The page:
Mills calls this reutilization of algorithms, “Leveraging the cost structure of new mathematics.” What I like about this trend is that encourages cross-disciplinary collaboration. Hardy explains:

“That kind of cross-pollination is reminiscent of the way Wall Street, starting in the 1990s, hired astrophysicists and theoretical mathematicians to design arcane financial products. Now the cost of computing has come down so much that it is useful to bring such talent to other industries. I.B.M., Mr. Mills said, is now the largest employer of Ph.D. mathematicians in the world, bringing their talents to things like oil exploration and medicine. ‘On the side we’re doing astrophysics, genomics, proteomics,’ he said. In the last five years, I.B.M. has spent some $14 billion purchasing analytics companies, in the service of its Big Data initiative. ‘We look for adjacencies’ between one business and another, said Mr. Mills. ‘If we can’t get an adjacency, we’ll never get a return.’ The trend of looking for commonalities and overlapping interests is emerging in many parts of both academia and business.”

An exciting side benefit of discovering “adjacencies” is the fact that many of the best innovations occur at the intersections (or along the borders) of disciplines. To put it another way, discovering adjacencies could generate a spike in innovation as well as an increase in profits.




Mining data for insights is only the front half of the challenge and, by itself, insufficient to add value to a company. Those insights (or other analytical products) need to be presented to decision makers in a way that is both useful and informative. Insights that aren’t used are worthless. Jeff Kelly puts it this way, “As the infrastructure layer continues to mature, vendors and increasingly enterprises are turning their attention to the real value proposition of Big Data – namely, deriving actionable insight via Big Data Analytics and Visualization.” [“Hadoop, Big Data Focus Shifting To Analytics and Visualization,” Wikibon Blog, 26 October 2011] He continues:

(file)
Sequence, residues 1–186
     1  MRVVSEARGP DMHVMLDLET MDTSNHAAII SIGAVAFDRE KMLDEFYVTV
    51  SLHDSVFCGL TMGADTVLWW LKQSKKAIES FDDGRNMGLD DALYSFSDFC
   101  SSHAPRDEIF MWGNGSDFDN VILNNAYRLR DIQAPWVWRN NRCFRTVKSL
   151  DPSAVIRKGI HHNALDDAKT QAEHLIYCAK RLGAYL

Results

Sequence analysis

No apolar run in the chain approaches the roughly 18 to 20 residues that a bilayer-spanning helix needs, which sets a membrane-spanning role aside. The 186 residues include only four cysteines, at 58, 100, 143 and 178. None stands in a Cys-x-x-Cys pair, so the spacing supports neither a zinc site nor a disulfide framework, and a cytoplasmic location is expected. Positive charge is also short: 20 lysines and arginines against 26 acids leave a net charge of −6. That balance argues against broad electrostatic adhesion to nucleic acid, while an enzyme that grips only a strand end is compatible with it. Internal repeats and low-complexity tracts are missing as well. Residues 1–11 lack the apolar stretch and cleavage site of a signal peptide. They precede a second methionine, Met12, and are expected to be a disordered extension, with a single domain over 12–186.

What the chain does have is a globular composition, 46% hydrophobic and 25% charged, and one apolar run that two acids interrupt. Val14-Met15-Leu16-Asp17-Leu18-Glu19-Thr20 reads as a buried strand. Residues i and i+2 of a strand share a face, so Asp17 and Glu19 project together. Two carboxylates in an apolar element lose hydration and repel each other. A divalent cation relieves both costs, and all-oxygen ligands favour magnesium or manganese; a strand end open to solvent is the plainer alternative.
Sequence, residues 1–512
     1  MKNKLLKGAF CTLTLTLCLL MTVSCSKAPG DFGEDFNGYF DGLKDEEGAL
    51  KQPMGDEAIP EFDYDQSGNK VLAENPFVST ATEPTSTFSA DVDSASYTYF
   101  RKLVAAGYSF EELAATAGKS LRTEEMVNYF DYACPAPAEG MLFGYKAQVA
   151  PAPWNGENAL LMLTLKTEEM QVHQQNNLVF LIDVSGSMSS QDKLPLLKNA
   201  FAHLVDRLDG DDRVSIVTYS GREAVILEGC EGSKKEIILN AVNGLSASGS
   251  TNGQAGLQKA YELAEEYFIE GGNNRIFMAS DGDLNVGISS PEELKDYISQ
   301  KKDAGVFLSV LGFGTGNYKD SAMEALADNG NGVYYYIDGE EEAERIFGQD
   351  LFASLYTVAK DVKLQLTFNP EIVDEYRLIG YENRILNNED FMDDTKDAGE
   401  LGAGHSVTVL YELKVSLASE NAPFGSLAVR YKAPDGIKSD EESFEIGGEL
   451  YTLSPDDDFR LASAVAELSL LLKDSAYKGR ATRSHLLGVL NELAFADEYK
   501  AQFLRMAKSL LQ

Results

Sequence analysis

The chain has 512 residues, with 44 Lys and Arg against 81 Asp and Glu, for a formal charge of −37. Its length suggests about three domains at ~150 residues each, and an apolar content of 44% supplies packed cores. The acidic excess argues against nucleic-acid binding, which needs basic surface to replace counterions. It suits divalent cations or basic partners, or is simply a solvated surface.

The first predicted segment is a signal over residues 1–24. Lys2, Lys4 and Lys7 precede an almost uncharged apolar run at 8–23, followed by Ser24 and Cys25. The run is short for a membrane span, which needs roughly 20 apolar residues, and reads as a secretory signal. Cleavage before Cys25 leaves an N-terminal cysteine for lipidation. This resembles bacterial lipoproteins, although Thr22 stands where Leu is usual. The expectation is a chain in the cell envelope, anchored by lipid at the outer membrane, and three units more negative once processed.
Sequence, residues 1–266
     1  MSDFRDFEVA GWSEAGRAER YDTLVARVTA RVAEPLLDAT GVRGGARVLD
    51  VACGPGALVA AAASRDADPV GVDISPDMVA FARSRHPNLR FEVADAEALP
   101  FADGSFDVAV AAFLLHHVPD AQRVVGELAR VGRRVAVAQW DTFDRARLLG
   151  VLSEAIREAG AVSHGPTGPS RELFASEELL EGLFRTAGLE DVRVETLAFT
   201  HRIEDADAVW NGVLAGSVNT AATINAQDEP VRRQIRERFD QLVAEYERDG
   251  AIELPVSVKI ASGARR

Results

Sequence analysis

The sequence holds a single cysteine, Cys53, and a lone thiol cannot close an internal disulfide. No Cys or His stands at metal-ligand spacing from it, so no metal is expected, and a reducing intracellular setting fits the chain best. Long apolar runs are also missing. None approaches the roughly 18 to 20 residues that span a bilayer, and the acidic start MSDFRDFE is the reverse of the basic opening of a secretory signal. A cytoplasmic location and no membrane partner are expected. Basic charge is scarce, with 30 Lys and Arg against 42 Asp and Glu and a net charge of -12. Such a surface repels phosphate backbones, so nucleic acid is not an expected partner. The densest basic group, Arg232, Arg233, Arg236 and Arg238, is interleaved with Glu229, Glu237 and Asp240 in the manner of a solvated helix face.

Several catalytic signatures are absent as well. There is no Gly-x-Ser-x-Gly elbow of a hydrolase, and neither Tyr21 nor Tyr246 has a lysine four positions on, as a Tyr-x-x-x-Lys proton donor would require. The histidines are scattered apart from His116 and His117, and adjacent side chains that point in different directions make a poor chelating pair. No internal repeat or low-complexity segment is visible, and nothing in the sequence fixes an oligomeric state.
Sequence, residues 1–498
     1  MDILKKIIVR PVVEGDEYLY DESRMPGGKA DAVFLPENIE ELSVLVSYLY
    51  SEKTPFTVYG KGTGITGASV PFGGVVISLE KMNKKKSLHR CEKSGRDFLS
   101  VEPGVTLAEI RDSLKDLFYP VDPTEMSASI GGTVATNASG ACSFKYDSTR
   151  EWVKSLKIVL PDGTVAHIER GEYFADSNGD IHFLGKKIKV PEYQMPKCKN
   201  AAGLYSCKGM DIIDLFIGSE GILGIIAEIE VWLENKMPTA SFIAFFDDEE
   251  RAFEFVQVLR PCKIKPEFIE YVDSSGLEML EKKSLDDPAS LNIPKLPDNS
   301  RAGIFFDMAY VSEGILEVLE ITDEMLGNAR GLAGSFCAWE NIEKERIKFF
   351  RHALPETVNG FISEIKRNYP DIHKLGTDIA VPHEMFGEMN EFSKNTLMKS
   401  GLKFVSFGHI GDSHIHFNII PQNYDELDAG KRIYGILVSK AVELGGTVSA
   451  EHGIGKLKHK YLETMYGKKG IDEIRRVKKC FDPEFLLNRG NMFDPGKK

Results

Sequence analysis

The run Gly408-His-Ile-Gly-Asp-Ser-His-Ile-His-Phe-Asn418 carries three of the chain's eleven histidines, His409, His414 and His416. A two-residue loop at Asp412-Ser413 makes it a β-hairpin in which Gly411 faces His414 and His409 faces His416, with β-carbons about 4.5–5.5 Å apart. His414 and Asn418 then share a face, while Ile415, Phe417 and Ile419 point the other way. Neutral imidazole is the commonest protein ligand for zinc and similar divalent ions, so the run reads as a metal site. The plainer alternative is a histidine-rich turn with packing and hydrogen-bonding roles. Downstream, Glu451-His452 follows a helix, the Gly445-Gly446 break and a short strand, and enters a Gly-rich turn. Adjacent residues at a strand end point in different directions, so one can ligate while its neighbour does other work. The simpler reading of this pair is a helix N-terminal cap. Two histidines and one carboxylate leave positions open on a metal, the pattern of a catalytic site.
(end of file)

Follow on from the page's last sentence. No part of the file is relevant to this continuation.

“That’s not to say Big Data infrastructure isn’t important or doesn’t need improving – clearly tasks like writing and managing complex Map Reduce jobs and networking racks of Hadoop nodes still need simplifying – but that it has reached a maturity level where it is now practical for may enterprises to shift at least some of their focus to analyzing and making use of the data in addition to processing and storing it. … To reiterate, there’s still plenty of work to do on the infrastructure layer of Hadoop and other Big Data approaches. … But the focus of the Big Data industry is – and should be – moving to include analytics and visualization. This is especially important for enterprises. Hadoop and other Big Data approaches, while still somewhat novel, should not be treated as some off-to-the-side science project. Enterprises should apply Big Data approaches like Hadoop only when they’ve identified areas where Big Data will help soothe a significant pain-point and/or bring real business value. And this requires analytic/visualization platforms and applications, tools that provide insights from Big Data that facilitate innovation such as identifying new market opportunities or helping create new products.”




As I noted above, the difference between the dot.com era and Big Data/Cloud Computing era is that companies providing hosting, application, and analytic services are going to achieve success because they support traditional business objectives rather than ignore them like some companies did during the dot.com era. It should become clearer each day that Big Data/Cloud Computing era is not a passing fancy; rather it’s the next big thing that is going to change how businesses operate in the decades ahead.